Paul Bizimana , 1 , 2 , 3 , 4 , 5 , Katja Polman 6 , 7 , Giuseppina Ortu 8 , Meryam Krit 9 , Frédéric Nsabiyumva 10 , Audace Nkeshimana 2 , 4 , Urlich Bijabuka 4 , Marcelline Nibakire 11 , Jean-Pierre Van Geertruyden 1
21 April 2020
Intestinal schistosomiasis is still a public health problem in Burundi. Since 2008, annual mass drug administration with praziquantel has been rolled out in 11 endemic districts. The national programme relies on school-based surveys with kato-katz to monitor the impact of mass drug administration. We explored whether routine data on intestinal schistosomiasis as determined by direct fecal smears at health centre level could be used.
From the Burundian National Health Information System, we collected routine incidence data on intestinal schistosomiasis as determined by direct smear examination in all 45 sanitary districts during 2011–2015. A temporal trends analysis was performed using a mixed negative binomial regression. Sanitary districts with mass drug administration campaigns with praziquantel ( n = 11) were compared with those without ( n = 34). In addition, prevalence data on intestinal schistosomiasis based on kato-katz results from a school-based national mapping in 2014 were compared with the incidence data in health centres based on direct smear results, in the same 45 sanitary districts.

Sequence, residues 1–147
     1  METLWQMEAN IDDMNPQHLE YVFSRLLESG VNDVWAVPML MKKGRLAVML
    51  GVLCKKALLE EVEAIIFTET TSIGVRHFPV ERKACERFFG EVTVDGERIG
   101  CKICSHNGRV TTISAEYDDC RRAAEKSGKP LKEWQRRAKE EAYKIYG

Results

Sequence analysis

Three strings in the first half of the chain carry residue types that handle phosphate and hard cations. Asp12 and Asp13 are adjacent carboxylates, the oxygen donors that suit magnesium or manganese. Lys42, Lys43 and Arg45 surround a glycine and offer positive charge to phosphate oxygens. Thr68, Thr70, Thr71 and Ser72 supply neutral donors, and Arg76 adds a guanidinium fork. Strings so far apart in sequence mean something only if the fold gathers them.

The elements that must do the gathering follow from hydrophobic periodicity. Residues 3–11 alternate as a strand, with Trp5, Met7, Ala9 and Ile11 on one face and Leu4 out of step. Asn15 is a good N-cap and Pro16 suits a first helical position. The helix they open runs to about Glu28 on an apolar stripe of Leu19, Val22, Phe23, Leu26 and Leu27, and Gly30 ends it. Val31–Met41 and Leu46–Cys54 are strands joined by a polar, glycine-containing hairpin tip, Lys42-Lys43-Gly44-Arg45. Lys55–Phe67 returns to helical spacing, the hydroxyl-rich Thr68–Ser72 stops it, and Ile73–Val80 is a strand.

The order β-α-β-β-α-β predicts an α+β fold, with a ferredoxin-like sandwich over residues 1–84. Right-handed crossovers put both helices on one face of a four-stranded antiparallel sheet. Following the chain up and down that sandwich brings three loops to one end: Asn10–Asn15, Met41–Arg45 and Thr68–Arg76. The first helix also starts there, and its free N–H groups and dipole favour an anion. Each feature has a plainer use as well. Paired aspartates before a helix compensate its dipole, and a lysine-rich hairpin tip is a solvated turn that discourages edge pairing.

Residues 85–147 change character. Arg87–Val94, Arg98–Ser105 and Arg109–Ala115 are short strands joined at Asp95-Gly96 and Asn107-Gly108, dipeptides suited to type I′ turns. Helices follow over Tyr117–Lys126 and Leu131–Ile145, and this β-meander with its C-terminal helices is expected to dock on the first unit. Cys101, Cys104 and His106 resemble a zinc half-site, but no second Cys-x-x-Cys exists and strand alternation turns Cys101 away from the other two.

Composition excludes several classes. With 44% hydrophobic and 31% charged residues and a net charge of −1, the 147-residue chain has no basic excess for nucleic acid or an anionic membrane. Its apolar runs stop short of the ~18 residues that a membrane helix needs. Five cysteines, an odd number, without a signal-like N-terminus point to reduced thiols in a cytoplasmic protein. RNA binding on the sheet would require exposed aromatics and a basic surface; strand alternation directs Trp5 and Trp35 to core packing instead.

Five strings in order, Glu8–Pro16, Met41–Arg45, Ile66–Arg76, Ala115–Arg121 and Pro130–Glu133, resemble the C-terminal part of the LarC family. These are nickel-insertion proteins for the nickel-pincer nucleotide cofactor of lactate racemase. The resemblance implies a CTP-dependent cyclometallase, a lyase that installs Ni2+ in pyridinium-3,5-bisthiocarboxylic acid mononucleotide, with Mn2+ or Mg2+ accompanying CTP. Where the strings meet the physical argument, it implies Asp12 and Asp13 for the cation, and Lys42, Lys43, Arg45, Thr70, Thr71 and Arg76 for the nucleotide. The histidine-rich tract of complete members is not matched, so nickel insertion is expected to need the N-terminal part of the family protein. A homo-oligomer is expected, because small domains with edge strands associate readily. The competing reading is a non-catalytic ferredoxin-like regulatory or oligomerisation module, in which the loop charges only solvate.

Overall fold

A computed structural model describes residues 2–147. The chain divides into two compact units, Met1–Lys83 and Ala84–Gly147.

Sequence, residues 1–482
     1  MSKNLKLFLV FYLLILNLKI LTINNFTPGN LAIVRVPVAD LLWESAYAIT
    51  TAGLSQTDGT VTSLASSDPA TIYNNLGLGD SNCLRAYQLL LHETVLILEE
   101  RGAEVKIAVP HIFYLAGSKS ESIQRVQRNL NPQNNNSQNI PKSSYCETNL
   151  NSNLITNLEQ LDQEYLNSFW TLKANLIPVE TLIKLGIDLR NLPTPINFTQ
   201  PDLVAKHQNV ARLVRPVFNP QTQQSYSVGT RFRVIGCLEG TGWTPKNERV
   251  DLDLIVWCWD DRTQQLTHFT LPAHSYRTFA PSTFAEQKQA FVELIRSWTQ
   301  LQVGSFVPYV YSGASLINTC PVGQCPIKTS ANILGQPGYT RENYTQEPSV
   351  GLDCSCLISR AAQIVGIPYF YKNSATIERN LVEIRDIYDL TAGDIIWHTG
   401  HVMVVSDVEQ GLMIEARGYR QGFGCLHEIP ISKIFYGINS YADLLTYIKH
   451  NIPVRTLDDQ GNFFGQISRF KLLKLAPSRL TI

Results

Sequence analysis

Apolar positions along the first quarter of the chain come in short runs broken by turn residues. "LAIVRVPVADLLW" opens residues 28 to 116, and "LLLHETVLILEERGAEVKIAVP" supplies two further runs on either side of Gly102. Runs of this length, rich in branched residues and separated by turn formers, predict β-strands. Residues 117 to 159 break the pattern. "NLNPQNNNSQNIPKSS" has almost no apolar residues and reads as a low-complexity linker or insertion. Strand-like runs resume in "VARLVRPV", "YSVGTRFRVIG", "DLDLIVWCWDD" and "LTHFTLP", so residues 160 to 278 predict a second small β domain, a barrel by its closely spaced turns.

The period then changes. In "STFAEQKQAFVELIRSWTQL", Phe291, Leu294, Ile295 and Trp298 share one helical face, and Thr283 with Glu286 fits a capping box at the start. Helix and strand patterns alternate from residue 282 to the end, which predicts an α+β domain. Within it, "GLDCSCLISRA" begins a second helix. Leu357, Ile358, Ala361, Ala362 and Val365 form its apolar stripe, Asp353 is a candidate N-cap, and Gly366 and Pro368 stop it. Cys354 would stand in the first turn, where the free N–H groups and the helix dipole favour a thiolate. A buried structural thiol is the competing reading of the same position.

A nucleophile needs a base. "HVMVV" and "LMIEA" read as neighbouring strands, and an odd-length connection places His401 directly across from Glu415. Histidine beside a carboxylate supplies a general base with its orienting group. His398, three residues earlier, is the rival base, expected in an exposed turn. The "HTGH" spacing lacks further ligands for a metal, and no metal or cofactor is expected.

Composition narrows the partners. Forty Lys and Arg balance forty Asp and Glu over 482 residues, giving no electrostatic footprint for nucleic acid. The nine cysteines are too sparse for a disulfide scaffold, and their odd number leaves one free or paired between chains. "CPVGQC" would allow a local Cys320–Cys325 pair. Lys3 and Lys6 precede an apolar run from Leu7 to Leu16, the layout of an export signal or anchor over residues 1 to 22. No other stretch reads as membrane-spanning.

In the 11 sanitary districts applying mass drug administration with praziquantel, the incidence rate decreased significantly for the years 2014 ( β 2014 = − 0.826, P = 0.010) and 2015 ( β 2015 = − 1.294, P < 0.001) and for the five-year period ( β = − 0.286, P < 0.001), whereas in the 34 districts where mass drug administration was not delivered, there was no significant decrease over time ( β = − 0.087, P = 0.219). In most of the 45 sanitary districts, the low prevalence based on kato-katz in school children was confirmed by low incidence rates based on direct smears in the health centres.
National Health Information System surveillance data, based on routinely collected direct smear results at health centre level, may be able to monitor the impact of mass drug administration with praziquantel on intestinal schistosomiasis in Burundi. Control and elimination of intestinal schistosomiasis call for integration of adequate diagnosis and treatment into routine activities of primary health care facilities, as recommended by the World Health Organization since more than 20 years. When moving towards elimination, more sensitive tests, such as the point-of-care circulating cathodic antigen assay are desirable.